There are 3 paid search optimizations that make your website perform badly.
I just found out about a Wikipedia page that lists various inventors who were killed by their own inventions. This is an awesome page, and if you choose to stop reading this article to take a look at that page, I won’t be offended.
But it gave me food for thought. What are some of the ways in which paid search optimization can kill a marketing campaign? The following are some of those optimizations:
Increasing Bids in Budget-Restricted Campaigns
Usually search managers are authorized to spend as much as the campaign needs. Success is measured according to the return on ad spend generated and the amount of profit generated. But not everyone has an unlimited budget. They budget in Bing Ads, Yahoo Gemini and AdWords so that they don’t go over budget.
The bad thing about this type of strategy is that an increased keyword bid reduces the amount of traffic that the campaign gets, if it is based upon previous budget restrictions. This is because the PPC gets higher with each higher bid. A higher PPC means that it won’t take as many clicks to go over budget.
Making aggressive bids might get higher rankings, but this usually reduces traffic because ads aren’t shown as much due to budget restrictions. This is an example of paid search optimization killing a marketing campaign.
Putting Limitations on Search Campaigns to Target RLSA or Customer Match Lists
Remarketing Lists for Search Ads (RLSA) and Customer Match users make it possible for advertisers to show their ads to highly valuable groups who have already visited a brand’s website or have previously given the brand their email address.
Since this audience has already shown an interest in the brand, they usually do better than non-RLSA and Customer Match users in terms of conversions.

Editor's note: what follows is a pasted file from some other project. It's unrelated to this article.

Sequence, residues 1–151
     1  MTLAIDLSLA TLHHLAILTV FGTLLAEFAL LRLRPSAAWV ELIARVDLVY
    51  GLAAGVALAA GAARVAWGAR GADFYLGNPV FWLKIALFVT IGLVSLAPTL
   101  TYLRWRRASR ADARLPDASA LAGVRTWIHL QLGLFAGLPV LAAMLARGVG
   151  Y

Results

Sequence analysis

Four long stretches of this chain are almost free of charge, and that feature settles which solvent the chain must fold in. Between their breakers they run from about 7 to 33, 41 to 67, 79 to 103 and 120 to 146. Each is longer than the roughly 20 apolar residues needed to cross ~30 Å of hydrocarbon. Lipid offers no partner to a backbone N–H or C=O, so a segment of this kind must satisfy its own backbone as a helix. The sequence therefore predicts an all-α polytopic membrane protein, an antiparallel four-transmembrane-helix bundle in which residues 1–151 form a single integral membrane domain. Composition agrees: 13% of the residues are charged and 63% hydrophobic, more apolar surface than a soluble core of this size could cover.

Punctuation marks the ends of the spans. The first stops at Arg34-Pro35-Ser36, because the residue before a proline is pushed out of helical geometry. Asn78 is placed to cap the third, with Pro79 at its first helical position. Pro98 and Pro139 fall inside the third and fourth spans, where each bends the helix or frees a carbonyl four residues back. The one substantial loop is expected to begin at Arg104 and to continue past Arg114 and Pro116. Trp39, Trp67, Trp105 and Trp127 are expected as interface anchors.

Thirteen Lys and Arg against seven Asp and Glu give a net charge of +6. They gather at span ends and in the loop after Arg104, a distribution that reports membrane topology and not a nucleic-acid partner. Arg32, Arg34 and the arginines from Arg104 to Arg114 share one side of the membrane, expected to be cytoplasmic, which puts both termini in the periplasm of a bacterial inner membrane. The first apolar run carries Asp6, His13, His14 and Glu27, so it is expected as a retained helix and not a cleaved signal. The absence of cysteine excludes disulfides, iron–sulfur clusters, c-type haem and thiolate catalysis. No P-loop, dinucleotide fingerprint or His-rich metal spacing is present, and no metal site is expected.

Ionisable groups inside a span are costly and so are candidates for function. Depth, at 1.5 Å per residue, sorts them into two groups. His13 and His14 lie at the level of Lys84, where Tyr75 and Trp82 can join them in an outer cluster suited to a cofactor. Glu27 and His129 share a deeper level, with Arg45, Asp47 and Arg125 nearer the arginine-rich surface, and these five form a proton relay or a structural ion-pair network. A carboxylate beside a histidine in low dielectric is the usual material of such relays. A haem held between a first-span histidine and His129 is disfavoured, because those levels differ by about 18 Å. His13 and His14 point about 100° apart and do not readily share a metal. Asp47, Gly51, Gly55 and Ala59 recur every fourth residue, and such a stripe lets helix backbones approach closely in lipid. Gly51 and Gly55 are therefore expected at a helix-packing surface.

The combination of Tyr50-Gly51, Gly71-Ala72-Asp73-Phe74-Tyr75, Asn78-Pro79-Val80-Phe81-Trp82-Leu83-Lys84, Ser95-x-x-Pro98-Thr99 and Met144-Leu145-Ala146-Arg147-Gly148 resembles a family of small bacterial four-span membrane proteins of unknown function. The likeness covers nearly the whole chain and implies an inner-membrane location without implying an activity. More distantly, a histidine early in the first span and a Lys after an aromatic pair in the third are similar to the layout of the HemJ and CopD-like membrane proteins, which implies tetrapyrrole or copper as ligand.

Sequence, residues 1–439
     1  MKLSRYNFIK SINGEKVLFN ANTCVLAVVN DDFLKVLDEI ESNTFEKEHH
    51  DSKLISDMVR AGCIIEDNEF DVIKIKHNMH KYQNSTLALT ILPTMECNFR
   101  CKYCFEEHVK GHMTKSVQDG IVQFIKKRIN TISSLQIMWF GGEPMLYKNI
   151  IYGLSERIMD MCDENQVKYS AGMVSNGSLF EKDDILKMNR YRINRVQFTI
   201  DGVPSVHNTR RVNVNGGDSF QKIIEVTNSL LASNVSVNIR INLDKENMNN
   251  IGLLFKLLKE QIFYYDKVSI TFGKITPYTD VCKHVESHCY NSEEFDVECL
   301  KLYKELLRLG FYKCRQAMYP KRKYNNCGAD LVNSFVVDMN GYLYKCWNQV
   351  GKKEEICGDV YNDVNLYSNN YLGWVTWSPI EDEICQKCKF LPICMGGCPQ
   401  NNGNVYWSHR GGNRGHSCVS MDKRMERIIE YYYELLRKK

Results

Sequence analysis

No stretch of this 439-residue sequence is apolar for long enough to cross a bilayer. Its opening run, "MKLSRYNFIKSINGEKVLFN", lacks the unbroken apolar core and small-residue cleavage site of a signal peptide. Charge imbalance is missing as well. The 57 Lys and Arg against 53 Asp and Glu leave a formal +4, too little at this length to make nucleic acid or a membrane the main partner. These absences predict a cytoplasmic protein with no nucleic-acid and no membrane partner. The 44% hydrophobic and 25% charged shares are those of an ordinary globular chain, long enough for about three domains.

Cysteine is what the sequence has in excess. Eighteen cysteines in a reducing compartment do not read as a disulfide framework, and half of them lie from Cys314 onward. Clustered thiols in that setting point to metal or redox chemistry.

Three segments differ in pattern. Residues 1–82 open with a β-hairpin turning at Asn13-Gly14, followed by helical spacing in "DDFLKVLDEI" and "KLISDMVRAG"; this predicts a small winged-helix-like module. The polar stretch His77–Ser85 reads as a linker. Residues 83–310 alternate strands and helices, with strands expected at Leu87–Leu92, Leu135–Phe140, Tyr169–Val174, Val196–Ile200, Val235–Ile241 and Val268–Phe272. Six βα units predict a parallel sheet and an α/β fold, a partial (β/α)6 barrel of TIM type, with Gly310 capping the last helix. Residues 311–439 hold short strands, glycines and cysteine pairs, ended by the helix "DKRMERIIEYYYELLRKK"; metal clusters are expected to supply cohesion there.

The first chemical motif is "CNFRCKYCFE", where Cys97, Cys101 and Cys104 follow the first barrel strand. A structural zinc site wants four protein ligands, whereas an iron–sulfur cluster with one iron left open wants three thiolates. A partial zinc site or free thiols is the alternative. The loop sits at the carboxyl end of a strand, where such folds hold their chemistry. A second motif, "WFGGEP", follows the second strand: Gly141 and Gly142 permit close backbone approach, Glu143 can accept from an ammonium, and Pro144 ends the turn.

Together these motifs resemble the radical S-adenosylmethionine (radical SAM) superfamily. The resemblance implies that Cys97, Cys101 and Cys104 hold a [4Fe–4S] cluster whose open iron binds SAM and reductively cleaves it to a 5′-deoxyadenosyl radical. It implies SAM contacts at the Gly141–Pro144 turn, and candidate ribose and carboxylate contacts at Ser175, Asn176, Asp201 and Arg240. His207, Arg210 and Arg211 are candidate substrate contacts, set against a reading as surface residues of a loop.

Thus, advertisers might be tempted to target just these users. This is a good strategy if a brand has numerous competitors and those advertisers don’t have the budget to target non-RLSA and Customer Match audiences to get good ROAS. Usually it’s best to target users that already know your brand.
Why? Many advertisers use non-brand keywords to get new traffic. Restricting ads to just users who are already familiar with the brand makes it harder to get traffic that knows nothing about the brand.
Also, non-brand search advertising helps build RLSA and Customer Match lists by attracting traffic that converts. Turning ads off to non-audience traffic might decrease your lists in the future.
Advertisers may choose other options to get more website traffic, and search query is a good indicator of which traffic converts. This is in comparison to other weaker indicators such as paid social media.
You may get higher account CTR and conversions if you target RLSA and Customer Match Lists. But this could also have a bad effect on getting new customers and getting repeat customers in the future. It is for these reasons that I think paid search optimizations kill website performance.
Omitting Keyword and Google Shopping Product Ads that Aren’t Successful
There are those who believe that bad keywords don’t exist; however, they do believe in bad bids. There will always be good keywords that are relevant to your business. You just have to pay the right price for the traffic.
If a keyword isn’t getting the right ROAS, the bid is not low enough. Bad keywords should bid low enough to shut off traffic.
When brands test keywords and determine that the ROAS is bad, they may either omit or pause them. But they should first try to lower the bid and look at the ad copy and landing page to see if the keyword is actually targeted enough.
Understand that you shouldn’t automatically pause a Google Shopping campaign when it first performs badly. Try to break down the target audience into smaller ones with a smaller amount of products. Do this to possibly get more granular bids. Also try to adjust your bids to get your ROAS goals. Do you have queries that drive bad traffic to products? Could these be improved by using negative keywords?
Ask yourself these questions. Smart advertisers must answer these questions if they have bad ROAS.
Choosing to delete or pause keywords and product targets without trying to make bid adjustments will lead to good traffic going away permanently. Unfortunately, this will kill paid search campaigns.
Don’t kill off your paid search campaigns in error. You may think your optimizations are working, but they aren’t. Although this article is not a Wikipedia page about inventors who were killed by their own inventions, it will give you food for thought.
Category Search Engine Marketing